We did something a little crazy before Christmas.
Instead of staying home to cook, organise and prepare for family celebrations, we went away for a couple of nights.
It was our first experience with Airbnb. We found an historic converted schoolhouse close to Bendigo and took the leap. The kids were ecstatic when they heard the plan and immediately began packing bags.
When I reflect back on my own childhood, it is inevitably the holidays that spring to mind. Weeks spent at the Nepean Country Club, a jaunt to America and Hawaii when I was only four, annual roadtrips to Tumbarumba, Sydney and Newrybar to visit family. We spent time in Bright, Kyneton, Yarrawonga, Lorne, Coolangatta and Mansfield. I fondly remember us tagging along on one of Dad’s business trips to Adelaide, staying in a high-rise hotel with its buffet breakfasts and chef-packed lunches.
Memories spring back in a whirlwind – trout-fishing, tasting venison pie, mini-golf, watching fireworks, the wind-whipped sound of a strummed guitar on-board a ship in the Pacific Ocean. Holidays became a gift given, a reorienting of our family story, a taste for something beyond.
Now, I am on the other side. The gift-giving side. The organising, corralling, logistics side.
It can be a little crazy sometimes. The reality of having to haul all the stuff that we use daily to a strange house that we may or may not achieve sleep in feels overwhelming. We plot out lists, double check backpacks and toss in extra items for good measure. Manage expectations of trip lengths, room configurations, food options. Twist awkwardly back to pass snacks, provide remonstrations, listen to stories and complaints.
It is chaotic, unpredictable and exhausting. But we love it. (Perhaps more in hindsight, I admit.)
The first tour through the house feels like the unwrapping. Imaginings from photos are swept away in the scramblings from room to room. ‘This is my room!’ comes the cry from passionate children. Belongings are quickly stashed away in new cupboards, teddies flung as markers onto waiting pillows.
We explore, unpack, wander. Survey portraits of royals, maps from an era long passed, chalkboards stretch towards the vaulted ceilings. We spy an ancient desk, peer into monochrome photographs gazing back at us with solemn expressions. We run our hands along walls, wondering at the ghosts hidden within them, picturing classes in progress – inkwells, pigtails, quills.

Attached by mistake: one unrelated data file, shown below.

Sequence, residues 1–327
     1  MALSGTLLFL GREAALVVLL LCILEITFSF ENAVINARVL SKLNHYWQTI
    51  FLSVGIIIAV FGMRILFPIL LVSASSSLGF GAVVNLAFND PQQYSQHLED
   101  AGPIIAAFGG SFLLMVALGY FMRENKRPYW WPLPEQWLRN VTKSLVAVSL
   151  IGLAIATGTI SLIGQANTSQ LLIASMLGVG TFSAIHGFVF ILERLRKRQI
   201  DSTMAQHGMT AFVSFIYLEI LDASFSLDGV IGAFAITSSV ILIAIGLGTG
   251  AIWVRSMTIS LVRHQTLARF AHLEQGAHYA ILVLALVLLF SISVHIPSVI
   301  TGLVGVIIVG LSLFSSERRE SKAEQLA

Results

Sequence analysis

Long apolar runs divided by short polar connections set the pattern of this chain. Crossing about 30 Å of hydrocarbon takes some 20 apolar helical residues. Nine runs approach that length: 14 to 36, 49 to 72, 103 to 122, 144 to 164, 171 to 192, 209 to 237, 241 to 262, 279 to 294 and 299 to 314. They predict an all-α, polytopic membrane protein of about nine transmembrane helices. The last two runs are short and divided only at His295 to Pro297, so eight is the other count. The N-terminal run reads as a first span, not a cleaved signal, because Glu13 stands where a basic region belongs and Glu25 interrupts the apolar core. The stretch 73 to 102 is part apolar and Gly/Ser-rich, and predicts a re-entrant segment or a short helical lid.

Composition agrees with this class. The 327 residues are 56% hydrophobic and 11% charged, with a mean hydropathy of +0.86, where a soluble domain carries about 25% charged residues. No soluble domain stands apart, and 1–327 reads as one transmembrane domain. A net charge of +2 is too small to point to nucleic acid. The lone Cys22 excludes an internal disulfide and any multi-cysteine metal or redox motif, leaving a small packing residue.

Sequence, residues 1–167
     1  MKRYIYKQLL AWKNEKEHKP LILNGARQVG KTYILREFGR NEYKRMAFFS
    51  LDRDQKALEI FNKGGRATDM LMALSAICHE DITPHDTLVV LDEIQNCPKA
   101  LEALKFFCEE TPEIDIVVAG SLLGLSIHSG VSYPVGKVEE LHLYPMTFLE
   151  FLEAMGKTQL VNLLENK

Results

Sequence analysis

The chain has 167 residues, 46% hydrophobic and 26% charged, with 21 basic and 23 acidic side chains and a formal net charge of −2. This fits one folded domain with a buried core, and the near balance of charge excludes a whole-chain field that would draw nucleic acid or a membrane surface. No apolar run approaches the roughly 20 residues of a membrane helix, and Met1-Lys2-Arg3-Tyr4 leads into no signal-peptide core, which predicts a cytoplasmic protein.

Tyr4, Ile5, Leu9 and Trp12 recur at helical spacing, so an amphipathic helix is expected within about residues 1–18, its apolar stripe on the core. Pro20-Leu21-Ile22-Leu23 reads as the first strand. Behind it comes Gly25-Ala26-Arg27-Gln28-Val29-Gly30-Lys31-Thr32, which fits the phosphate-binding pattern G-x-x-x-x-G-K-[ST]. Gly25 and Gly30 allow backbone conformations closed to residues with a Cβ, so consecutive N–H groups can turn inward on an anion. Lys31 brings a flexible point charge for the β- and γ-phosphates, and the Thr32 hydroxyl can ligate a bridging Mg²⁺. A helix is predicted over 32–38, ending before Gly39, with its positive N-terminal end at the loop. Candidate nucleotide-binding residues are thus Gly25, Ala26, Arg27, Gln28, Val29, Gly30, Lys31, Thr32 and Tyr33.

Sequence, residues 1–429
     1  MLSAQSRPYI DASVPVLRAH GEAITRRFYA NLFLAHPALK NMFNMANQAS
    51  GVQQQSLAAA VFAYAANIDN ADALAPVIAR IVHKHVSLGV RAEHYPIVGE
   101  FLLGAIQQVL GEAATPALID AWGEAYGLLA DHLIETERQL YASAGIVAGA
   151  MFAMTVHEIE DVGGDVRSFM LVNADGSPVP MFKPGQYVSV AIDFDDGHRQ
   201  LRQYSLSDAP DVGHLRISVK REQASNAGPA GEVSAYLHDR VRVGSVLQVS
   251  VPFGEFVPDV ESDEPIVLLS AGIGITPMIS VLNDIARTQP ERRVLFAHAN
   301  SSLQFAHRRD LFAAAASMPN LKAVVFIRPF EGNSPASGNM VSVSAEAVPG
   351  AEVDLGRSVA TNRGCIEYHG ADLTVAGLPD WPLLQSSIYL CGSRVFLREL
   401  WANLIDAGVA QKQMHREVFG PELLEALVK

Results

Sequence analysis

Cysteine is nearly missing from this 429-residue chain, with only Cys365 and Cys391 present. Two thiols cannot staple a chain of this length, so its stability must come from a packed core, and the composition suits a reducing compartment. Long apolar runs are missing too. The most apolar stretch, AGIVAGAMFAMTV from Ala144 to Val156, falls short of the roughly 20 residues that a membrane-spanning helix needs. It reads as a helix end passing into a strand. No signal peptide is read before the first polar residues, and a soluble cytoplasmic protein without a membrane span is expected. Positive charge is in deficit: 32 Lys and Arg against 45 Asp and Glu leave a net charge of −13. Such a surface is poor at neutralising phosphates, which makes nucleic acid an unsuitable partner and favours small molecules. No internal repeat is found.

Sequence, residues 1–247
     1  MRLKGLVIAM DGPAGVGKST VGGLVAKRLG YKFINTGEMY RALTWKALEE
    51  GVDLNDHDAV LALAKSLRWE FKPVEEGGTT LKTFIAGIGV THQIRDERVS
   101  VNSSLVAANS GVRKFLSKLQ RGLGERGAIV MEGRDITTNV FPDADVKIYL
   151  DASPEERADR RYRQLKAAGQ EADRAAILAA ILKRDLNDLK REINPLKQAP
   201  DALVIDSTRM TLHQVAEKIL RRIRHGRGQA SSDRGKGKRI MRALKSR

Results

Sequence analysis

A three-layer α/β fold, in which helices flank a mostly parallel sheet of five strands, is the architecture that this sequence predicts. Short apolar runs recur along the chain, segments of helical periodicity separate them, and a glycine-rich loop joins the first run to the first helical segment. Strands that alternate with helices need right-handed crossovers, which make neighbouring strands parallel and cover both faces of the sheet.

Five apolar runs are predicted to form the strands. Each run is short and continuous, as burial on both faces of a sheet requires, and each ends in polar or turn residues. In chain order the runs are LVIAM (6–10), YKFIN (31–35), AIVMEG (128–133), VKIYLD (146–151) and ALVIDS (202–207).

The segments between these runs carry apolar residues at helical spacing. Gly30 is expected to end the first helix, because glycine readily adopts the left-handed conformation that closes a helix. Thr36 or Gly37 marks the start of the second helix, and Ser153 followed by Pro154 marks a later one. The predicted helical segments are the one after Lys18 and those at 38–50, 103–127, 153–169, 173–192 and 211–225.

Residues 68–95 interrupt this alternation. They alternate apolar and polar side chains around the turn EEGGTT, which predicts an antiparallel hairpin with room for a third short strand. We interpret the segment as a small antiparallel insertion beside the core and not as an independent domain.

We feel a tug this time. A pull between all the activities we want to do and the management of logistics – nap times for Harvey, down time for tired bodies, braving the shops without causing chaos. Often Dave and I have to divide and conquer – me at home to look after the sleeping baby, him out exploring with the bigger kids. It isn’t quite the ideal getaway we hope for, but we (mostly) learn to go with the flow.
Memories are created.
Eli faces his fears head on at the vertical slide at the Discovery Centre, in the end not quite ready for the two meter drop challenge. At dusk, enthusiastic bodies propel themselves over and over into the sandpit, pausing mid-air for super hero poses. Harvey surreptitiously tries sneaking mouthfuls of sand and tanbark whenever I’m not looking. Ivy peacefully builds castles out of sand.
The days feel as if they stretch into infinity. Moments bloom into a greater whole. We slide under a haze of happy exhaustion, really seeing each other against a shifting backdrop. All the same tasks and motions are performed, but somehow doing these rituals in a different place makes them sacred.
I value these times but it would be remiss of me to pretend I walk around as if in a cloud of bliss. The highs may be higher but the lows are lower – temper shorter, feeling the pull to control in an unfamiliar environment. Little things spin me out and I continually have to choose to rise above my mood, the sibling tussles, the failed nap times. I become my best and worst selves, often within minutes of each other.
It is my hope that I become better at savouring the moments as they occur. Reflecting on the photographs and conjuring a sense of nostalgia is elementary. Actually remaining present and calm, joyful and serene in the midst of it all – that is where the true battle lies.
The blanket of fatigue slips away, we return to walls that are familiar and appreciate them anew. Flicking through photos, laughing at moments, creating stories. We morph into something greater as we forge a collective tale. A tale of resilience, joy and solidarity. A tale of becoming.